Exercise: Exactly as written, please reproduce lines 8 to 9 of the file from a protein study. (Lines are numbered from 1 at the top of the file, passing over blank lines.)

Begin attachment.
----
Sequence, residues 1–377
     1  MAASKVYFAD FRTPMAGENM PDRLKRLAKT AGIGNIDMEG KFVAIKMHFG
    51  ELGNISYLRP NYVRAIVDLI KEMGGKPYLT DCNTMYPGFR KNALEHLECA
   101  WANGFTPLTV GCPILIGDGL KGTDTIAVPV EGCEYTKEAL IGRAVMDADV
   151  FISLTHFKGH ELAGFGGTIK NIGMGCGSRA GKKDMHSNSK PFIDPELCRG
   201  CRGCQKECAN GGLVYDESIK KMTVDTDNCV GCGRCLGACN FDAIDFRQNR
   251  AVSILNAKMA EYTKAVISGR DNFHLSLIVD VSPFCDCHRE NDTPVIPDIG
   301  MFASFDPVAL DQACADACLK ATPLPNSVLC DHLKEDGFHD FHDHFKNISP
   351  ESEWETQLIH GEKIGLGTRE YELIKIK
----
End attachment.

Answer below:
   301  MFASFDPVAL DQACADACLK ATPLPNSVLC DHLKEDGFHD FHDHFKNISP
   351  ESEWETQLIH GEKIGLGTRE YELIKIK